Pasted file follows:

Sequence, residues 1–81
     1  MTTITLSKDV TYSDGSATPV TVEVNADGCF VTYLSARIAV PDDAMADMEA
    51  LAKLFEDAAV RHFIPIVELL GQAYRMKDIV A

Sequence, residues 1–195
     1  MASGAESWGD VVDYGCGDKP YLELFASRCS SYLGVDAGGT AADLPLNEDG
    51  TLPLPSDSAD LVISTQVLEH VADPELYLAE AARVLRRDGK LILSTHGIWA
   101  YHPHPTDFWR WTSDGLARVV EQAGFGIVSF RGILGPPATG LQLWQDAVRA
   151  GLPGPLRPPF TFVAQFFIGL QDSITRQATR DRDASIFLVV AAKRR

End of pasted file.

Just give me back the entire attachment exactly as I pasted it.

Sequence, residues 1–81
     1  MTTITLSKDV TYSDGSATPV TVEVNADGCF VTYLSARIAV PDDAMADMEA
    51  LAKLFEDAAV RHFIPIVELL GQAYRMKDIV A

Sequence, residues 1–195
     1  MASGAESWGD VVDYGCGDKP YLELFASRCS SYLGVDAGGT AADLPLNEDG
    51  TLPLPSDSAD LVISTQVLEH VADPELYLAE AARVLRRDGK LILSTHGIWA
   101  YHPHPTDFWR WTSDGLARVV EQAGFGIVSF RGILGPPATG LQLWQDAVRA
   151  GLPGPLRPPF TFVAQFFIGL QDSITRQATR DRDASIFLVV AAKRR